BATON ROUGE, La. (WAFB) - The Louisiana Department of Health reports that as of Friday, Oct. 11, the state has 582 cases of hepatitis A, five of which are not linked to the current outbreak.
The largest concentration of reported cases of the vaccine-preventable illness remains in Livingston Parish, with between 121 and 240 cases.
East Baton Rouge and Ouachita parishes reported the second-highest concentration of cases, between 61 and 120.
The hepatitis A outbreak in Louisiana has reached the highest number of cases in 20 years. In an average year, Louisiana has 10 to 15 cases of hepatitis A.
WHAT IS HEPATITIS A?
Hepatitis A is a highly contagious liver infection caused by the hepatitis A virus. It is a vaccine-preventable illness that is easily spread through close contact, as well as from sharing injection and non-injection drugs.
Hepatitis A usually spreads when a person unknowingly ingests the virus from objects, food or drinks contaminated by small, undetected amounts of stool (feces) from an infected person. Hepatitis A can also spread from close personal contact with an infected person such as through sex or caring for someone who is ill.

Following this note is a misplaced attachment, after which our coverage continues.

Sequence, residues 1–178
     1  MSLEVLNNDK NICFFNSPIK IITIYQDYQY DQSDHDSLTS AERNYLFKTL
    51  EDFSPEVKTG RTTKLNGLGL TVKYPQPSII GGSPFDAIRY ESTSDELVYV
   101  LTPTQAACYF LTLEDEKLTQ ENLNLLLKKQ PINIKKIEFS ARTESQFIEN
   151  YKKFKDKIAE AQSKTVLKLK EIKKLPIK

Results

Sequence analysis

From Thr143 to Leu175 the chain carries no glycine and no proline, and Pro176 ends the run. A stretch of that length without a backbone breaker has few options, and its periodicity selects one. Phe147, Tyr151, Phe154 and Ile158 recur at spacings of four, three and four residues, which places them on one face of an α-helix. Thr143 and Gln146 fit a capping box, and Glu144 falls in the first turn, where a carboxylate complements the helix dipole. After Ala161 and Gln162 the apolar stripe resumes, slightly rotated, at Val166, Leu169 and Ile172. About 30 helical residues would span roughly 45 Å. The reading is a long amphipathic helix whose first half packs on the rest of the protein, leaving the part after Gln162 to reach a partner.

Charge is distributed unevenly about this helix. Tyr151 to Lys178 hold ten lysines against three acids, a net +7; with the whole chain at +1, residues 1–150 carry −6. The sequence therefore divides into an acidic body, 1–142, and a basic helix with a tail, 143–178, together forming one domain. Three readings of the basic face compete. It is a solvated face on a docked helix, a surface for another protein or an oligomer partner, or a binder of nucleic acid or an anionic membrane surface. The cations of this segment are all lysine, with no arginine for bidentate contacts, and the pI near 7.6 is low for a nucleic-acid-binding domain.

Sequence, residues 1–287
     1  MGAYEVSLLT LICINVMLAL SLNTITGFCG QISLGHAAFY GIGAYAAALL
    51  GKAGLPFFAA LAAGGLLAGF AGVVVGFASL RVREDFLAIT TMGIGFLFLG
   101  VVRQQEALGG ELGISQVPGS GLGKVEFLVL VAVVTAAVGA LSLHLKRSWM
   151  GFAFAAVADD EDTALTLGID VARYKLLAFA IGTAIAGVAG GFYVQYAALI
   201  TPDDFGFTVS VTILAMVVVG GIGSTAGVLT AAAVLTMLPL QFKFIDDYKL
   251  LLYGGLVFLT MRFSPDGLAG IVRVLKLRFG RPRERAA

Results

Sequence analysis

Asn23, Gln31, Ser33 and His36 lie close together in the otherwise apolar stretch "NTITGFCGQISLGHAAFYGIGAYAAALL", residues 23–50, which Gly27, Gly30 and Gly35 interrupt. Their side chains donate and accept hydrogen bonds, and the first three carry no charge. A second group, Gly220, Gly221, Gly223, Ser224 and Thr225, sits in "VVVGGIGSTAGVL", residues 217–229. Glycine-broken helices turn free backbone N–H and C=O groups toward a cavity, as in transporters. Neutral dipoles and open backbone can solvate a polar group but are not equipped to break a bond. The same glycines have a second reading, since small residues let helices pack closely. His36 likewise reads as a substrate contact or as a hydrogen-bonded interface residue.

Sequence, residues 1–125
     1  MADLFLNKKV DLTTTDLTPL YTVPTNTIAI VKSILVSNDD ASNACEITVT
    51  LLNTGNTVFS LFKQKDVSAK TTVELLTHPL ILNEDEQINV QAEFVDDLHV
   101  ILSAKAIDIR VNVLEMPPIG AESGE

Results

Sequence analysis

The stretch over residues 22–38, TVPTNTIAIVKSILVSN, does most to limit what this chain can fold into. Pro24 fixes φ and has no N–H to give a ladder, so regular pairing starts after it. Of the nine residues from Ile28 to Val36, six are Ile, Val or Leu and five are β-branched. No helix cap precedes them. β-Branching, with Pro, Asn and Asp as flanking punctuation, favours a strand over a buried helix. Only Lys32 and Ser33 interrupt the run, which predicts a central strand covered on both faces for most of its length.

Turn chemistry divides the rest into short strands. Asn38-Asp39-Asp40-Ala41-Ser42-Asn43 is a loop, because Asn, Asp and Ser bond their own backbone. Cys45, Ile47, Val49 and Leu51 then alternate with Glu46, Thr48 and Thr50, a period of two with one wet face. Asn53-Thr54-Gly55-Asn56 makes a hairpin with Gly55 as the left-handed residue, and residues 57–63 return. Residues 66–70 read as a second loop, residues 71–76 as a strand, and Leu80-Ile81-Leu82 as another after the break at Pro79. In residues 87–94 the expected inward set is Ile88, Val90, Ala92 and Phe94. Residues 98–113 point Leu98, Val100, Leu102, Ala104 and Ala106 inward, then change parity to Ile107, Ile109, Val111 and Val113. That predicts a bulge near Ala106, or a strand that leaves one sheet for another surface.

An infected person can transmit the virus to others up to two weeks before symptoms appear, and even those who do not experience symptoms can transmit the virus to others.
HEPATITIS A PREVENTION
The best way to prevent hepatitis A is through vaccination with the hepatitis A vaccine (see below for Advisory Committee on Immunization Practices (ACIP) recommendations). Unvaccinated people who have been exposed recently (within two weeks) to the hepatitis A virus should get the hepatitis A vaccine or a shot of immune globulin to prevent severe illness.
Practicing good hand hygiene – including thoroughly washing hands after using the bathroom, changing diapers, and before preparing or eating food – plays an important role in preventing the spread of hepatitis A.
Where can I get vaccinated? Click here for locations in Louisiana.
WHAT ARE THE SYMPTOMS OF HEPATITIS A?
Symptoms include fever, fatigue, loss of appetite, nausea, vomiting, abdominal pain, dark urine, clay-colored bowel movements, joint pain and jaundice (yellowing of the skin and eyes).
Most children younger than age 6 do not have symptoms when they have hepatitis A. If symptoms occur, they usually appear four weeks after exposure, but can occur as early as two weeks and as late as seven weeks after exposure.
Symptoms usually develop over a period of several days and last less than two months, although a small percentage of people (10-15 percent) can have symptoms for as long as six months.
Sometimes hepatitis A can cause liver failure and death, although this is rare and occurs more commonly in people older than 50 and people with other liver diseases.
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